There were over 400 people in attendance of which around 250 were new attendees. That’s incredible. It bodes well for the future of the institute and from what I can tell many of these new attendees were relatively young.
What I was most pleased to see was a number of talks that stretched our understanding of the war in 1864. No one better exemplified this than Ari Kelman, who talked about the massacre of Cheyenne Indians at Sand Creek in 1864. Rather than view the war as a question of emancipation and freedom Kelman encouraged the audience to consider the conflict as part of a broader war of empire – a continuation of the process of westward expansion. Crystal Feimster took as her case study the rape of black laundresses by Union officers at Fort Jackson in Louisiana as part of a broader interpretation of a mutiny by black soldiers that took place in 1864. Feimster also noted that this was the first time that black women were able to use a court to address their grievances. Finally, Antwain Hunter explored the threat that armed blacks posed in the Confederate South.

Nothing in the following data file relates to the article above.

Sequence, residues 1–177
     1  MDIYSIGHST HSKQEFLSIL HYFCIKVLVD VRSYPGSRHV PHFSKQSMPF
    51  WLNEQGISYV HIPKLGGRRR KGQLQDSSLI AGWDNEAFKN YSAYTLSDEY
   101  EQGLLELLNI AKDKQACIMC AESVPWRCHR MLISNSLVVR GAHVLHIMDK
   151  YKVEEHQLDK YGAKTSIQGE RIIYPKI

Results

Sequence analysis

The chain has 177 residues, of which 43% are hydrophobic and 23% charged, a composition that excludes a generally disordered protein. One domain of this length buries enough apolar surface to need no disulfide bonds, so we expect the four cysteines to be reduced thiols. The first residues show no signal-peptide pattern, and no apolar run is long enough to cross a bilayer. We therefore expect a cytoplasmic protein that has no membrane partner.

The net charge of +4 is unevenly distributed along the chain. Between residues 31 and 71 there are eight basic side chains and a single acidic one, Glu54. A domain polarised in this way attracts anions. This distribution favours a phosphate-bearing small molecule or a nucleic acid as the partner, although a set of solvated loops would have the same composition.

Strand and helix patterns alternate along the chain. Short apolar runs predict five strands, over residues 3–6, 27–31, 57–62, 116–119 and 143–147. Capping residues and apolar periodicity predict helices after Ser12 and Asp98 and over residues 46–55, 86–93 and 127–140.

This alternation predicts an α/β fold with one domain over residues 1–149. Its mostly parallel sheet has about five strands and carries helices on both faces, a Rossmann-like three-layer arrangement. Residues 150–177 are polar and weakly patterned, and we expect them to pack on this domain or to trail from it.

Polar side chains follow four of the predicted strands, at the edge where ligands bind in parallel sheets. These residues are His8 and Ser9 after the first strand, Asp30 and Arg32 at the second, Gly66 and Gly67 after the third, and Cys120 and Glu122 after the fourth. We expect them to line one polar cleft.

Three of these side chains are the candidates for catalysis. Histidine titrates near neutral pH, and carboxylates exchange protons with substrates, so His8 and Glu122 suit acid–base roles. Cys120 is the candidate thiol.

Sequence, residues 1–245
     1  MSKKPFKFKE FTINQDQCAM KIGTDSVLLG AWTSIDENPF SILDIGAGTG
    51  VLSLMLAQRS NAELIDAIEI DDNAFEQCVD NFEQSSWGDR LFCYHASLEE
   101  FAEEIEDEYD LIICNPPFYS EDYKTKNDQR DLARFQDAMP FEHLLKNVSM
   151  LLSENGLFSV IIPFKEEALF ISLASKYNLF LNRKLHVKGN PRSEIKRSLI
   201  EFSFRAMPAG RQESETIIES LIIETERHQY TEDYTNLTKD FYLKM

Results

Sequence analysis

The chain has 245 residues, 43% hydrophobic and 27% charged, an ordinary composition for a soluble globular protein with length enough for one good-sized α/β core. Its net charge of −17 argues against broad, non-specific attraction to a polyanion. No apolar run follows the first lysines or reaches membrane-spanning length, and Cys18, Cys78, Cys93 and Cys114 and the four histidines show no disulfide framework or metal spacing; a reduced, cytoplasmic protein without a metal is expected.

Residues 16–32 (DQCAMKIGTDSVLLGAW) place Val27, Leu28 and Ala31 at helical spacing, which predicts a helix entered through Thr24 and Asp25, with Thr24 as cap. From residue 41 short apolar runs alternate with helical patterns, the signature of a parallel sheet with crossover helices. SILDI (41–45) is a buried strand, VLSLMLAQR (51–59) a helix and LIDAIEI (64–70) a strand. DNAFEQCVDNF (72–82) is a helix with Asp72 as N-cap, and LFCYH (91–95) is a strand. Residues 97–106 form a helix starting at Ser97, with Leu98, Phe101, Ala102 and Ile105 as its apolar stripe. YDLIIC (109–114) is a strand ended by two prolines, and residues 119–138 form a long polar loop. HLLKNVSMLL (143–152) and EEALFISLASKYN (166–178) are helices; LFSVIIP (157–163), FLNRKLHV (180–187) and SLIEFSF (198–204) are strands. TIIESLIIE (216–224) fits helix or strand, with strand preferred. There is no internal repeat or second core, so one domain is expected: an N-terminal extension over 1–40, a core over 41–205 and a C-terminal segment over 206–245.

I applaud Peter Carmichael and the rest of the staff for bringing in speakers who push audiences to think anew and challenge old assumptions. There is already talk that in 2016 CWI will focus on Reconstruction. That is certainly good news. The big challenge will be in figuring out what sites to tour since a big part of the conference is on-site education.
Next year the Institute will focus on the final year of the war [registrations form] and to do this participants will spend two days in Petersburg. At this point I will not be joining the faculty, but I certainly will be doing whatever I can to promote the important work of CWI.
With that I want to thank Pete and the rest of the CWI staff for including me on the faculty for the past three years. It has been an incredible experience and a true honor to be included among such fine historians and educators. I can’t think of another place that I would rather be during the third week of June.
Finally, a quick shout out to the Dreamweavers. You guys rock.